The Ultimate Checklist, NO RVer Should Ever Be Without

Packing for an RV vacation is a different process than packing for a trip to stay in hotel. When traveling in an RV, you are basically taking your home with you – and you will need to bring along many of the same items that you rely on at home on a daily basis. Unlike when staying at a hotel, you won’t be able to call down to the front desk if you need something, so packing properly is an important part of enjoying a great trip.

The RV Equipment Checklist

Before you start thinking about swimming shorts and goggles, you first want to be sure that you are packing all of the equipment necessary to run the RV for the length of your trip. Even an experienced RV traveler can forget one or two of these items from time to time, so it is useful to have a checklist in place that you can use for reference as you prepare for the trip.

Here is a list of RV equipment to get you started. Not every item on the following list will apply to your specific RV, and you may have other gear that needs to be added as well.

  • Leveling equipment
  • Sewer hose
  • Tire gauge
  • Water hose
  • Set of tools
  • Wheel chocks
  • Emergency road kit
  • Jumper cables

The RVing Clothing Checklist

rving checklist for every rver

You want to make sure that everyone has all of the clothes they need to enjoy the trip. Obviously, the specific items of clothing that you pack will depend greatly on the destination you have in mind and the time of year that you are traveling. Be sure to pack more clothes than you think you will need just in case something gets dirty or stained along the way.

  • Shirts
  • Pants/Shorts
  • Socks and underwear
  • Shoes
  • Sandals
  • Sleepwear
  • Jackets
  • Headwear

The RVing Food Checklist

Planning the food that you will eat during your RV vacation might be the most challenging part of getting ready for the trip. Most people don’t think of food ideas several days ahead, so it can be difficult to plan a menu that the whole family will enjoy. However, as you gain experience going on RV trips, you will learn what foods are easy to prepare in your RV kitchen, and which meals you are better off saving to make at home. As you get ready to leave, make sure you have all of the following points covered –

  • Dinner supplies for each night of your trip, plus one extra in case of emergency
  • Breakfast and lunch foods for each day. These should be meals that are easy to prepare (avoid creating unnecessary dishes that will need to be washed).
  • Snack foods that can be taken with you on hikes, boat trips, etc.
  • Dessert supplies (s’mores!)
  • A supply of ‘safe’ food in case of illness. You want to be sure to pack things like crackers and soup just in case someone in your traveling party doesn’t feel well and isn’t up for eating the planned meals.

The RVing Activity and Entertainment Checklist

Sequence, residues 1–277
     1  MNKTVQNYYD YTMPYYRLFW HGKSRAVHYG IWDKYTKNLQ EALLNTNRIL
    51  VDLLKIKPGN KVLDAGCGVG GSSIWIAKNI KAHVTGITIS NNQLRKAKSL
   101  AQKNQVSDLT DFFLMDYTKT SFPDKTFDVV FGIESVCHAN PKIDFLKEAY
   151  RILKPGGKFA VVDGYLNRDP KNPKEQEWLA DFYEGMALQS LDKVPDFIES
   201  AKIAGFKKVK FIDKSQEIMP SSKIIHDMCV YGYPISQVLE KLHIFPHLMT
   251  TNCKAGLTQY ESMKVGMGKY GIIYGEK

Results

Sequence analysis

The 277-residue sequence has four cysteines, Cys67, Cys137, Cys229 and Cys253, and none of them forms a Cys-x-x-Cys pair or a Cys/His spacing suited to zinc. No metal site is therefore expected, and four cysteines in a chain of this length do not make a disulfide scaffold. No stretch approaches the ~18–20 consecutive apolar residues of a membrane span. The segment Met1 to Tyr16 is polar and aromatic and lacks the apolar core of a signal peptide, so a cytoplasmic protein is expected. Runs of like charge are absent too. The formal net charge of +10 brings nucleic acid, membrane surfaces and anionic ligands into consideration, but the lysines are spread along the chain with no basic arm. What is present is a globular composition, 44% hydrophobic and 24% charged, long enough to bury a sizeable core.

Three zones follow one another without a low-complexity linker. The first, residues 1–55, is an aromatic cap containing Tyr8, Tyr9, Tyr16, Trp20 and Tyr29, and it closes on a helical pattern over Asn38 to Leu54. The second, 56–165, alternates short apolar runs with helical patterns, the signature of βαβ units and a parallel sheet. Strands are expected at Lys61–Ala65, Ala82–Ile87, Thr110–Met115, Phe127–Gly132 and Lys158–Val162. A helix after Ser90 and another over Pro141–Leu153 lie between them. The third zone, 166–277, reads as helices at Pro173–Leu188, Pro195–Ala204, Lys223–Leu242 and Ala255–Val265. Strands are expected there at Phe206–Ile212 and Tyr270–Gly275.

Of course, your vacation is intended to be fun. Along with all of the necessities that you need to pack, you should also make room for toys, games, and other entertainment gear. The exact items that you pack will again depend on your destination, as well as what you and your family like to do on vacation. Some of the possibilities include –

  • Bikes
  • Hiking shoes
  • Boat
  • Fishing equipment
  • Board games
  • Playing cards
  • Lawn chairs
  • Ball for playing around the campsite (baseball, football, soccer ball, etc.)
  • DVD player w/ DVD’s (for use with RV television)

Having a checklist to use prior to your next RV trip is a great idea. However, that checklist will need to be highly customized to best suit your needs. Everyone travels in a slightly different manner, so you will want to create your own list based on the needs and preferences of your traveling group. Take some time to sit down and think about everything you want to have with you when you reach the campsite to enjoy an RV vacation. Once your checklist has been finalized, using the ideas above as a starting point, you can place it in your RV and consult it carefully prior to hitting the road.

 

  • Personal hygiene items are important; soap, shampoo, toothbrushes, deodorant, etc. I noticed right away you left those out. I wouldn’t want to camp immediately next to the author of this article! lol. The RV items like the levelers, etc. should ALWAYS remain in the camper storage areas; there’s no need to take them out when a trip is completed. The camper’s kitchen can remain stocked in-between trips with pots and pans, dishes, towels, etc. We have multiples of everything so we don’t need to continually move items from the house to the camper every trip, including games, towels and clean sheets. The only thing we have to pack then each time is clothing and food. Of course, we are lucky enough to be able to store our camper in our yard between trips so we can even “camp” right in our own yard.

    • That is exactly what I do.My camper is stocked with everything except clothes and food. That is the only thing I have to put in it.

    • I agree with you. Our camper is always camping ready except for fresh clothes and food. It’s so much easier. I just type up a camping menu so I am covered in that area. And i go through each room to make sure we are well stocked in toiletries, cleaners and kitchen needs. It’s pretty much a no brainer if you keep it stocked at all times outside of clothes and food.

  • also make sure that as you bring certain things that are needed add them to your list, meds and such, also have a breakdown list that you can check before you leave to continue your journey, like roof vents closed if necessary, sometimes you can leave them open for circulation, and also possibly have a window cracked so it isn’t stuffy. Plus I take a small piece of paper with the exact height of my trailers highest point and add a few inches and put it where it can be easily seen, so when going under a bridge you can quickly calculate if you are safe to continue, this may sound stupid but there are some back road bridges that are not the same height as highway bridges, I have seen a couple trailers that did not make it under. I also carry an xtra 5 gallon container of gas and a 3rd propane tank, and get a fuel gauge for your propane tanks, nothing worse than running out and your in a place that dose not have it.